Irrigated vegetable growing
According to allcountrylist, Mali is a country located in Western Africa. The Malian government is making greater efforts to win over foreign and Malian private investors, for example for the expansion of the industrial sector, whereby Public Private Partnership (PPP) is also promoted. In Kayes, for example, a new thermal power plant built on the basis of PPP was built, which is intended to help gradually improve the problematic electricity supply.
So far, private investors have concentrated on the retail, telecommunications, transportation and construction sectors. In addition to the inland location and infrastructural deficiencies, the widespread corruption, which according to a World Bank study is one of the most important investment barriers, has an inhibiting effect.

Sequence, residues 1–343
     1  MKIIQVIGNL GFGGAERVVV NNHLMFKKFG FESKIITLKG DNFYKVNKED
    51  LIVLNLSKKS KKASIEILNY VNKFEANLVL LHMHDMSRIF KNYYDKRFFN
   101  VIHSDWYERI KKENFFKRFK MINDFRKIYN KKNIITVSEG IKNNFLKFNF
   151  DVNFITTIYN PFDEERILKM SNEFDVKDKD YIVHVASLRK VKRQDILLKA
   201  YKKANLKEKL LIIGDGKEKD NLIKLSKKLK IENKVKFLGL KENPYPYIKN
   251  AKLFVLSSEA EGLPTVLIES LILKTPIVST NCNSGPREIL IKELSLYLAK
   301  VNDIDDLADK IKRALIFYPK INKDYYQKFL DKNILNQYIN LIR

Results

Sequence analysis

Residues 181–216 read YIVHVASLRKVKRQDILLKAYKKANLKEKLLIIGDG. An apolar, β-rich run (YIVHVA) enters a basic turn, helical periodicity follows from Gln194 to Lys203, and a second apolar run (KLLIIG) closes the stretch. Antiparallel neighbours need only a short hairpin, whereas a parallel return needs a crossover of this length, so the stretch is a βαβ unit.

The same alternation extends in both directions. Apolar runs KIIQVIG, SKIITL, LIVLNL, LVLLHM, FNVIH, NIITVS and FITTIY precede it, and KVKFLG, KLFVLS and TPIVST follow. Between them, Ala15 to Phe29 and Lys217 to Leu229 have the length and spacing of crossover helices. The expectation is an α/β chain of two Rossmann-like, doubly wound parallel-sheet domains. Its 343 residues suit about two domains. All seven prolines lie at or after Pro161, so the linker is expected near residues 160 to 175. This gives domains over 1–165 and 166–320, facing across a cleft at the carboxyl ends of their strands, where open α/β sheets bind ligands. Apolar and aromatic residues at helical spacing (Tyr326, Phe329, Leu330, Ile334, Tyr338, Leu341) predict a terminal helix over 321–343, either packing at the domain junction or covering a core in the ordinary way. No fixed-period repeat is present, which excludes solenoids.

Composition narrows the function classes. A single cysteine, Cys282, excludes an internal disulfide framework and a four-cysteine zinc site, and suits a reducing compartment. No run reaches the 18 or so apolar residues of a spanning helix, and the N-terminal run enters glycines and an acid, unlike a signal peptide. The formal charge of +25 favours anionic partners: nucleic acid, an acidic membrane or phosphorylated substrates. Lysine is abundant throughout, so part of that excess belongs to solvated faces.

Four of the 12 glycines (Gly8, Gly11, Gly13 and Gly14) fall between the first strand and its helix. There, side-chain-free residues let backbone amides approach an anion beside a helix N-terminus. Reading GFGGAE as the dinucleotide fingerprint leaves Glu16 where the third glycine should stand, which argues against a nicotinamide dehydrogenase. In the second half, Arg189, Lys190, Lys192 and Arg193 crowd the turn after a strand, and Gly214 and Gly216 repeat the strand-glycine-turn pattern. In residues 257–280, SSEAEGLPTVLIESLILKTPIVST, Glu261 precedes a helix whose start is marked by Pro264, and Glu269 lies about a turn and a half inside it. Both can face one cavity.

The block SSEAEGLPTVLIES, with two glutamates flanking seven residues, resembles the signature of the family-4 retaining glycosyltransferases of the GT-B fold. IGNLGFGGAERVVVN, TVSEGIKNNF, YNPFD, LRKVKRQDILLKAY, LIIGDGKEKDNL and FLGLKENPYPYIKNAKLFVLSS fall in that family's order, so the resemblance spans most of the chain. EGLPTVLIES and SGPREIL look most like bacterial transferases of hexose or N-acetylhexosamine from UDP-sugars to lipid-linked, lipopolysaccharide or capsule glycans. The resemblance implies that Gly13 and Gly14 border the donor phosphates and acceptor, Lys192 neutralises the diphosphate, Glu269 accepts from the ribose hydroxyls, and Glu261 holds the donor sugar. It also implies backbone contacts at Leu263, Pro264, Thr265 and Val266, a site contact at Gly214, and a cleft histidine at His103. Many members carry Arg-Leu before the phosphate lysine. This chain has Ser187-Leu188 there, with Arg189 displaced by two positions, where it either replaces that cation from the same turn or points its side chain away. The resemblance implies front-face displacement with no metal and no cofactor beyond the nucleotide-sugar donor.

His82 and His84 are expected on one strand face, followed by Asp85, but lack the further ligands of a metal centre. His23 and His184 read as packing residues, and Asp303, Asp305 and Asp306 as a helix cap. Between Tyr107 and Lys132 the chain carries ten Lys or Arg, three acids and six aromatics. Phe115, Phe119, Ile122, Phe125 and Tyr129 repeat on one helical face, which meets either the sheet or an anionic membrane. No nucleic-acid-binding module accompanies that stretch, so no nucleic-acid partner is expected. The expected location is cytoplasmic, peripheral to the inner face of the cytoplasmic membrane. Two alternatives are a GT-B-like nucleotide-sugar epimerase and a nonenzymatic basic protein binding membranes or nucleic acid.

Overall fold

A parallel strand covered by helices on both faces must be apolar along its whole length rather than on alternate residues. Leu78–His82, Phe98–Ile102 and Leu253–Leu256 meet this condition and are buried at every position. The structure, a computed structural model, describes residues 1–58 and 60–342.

In May 2018, Mali agreed with Burkina Faso and the Ivory Coast to create a cross-border special economic zone in the triangle between the cities of Sikasso, Bobo-Dioulasso and Korhogo. This is intended to promote economic growth and regional integration. The expansion of Bamako International Airport is also expected to provide significant impetus for economic development, especially for the Bamako agglomeration.
The World Bank’s Doing Business Report published in 2019, which analyzes the economic friendliness of various countries, only ranks Mali 148th out of 190 countries examined. A German construction company also experienced this less than positive investment climate when realizing a real estate project in Bamako.
In 2005 Mali, along with 17 other heavily indebted developing countries, benefited from comprehensive debt relief granted by the G8 countries. Nevertheless, the debt is still an important problem. In 2016, the national debt corresponded to 27.3% of the gross domestic product.
In 2011, Mali issued 8.4 billion FCFA as part of the initiative for highly indebted poor countries (French: Initiative PPTE).
In 2015 France announced that it would cancel Mali’s debts amounting to almost 65 million euros. According to the French government, the debt relief is part of a larger support from France, which also serves to fight terrorism.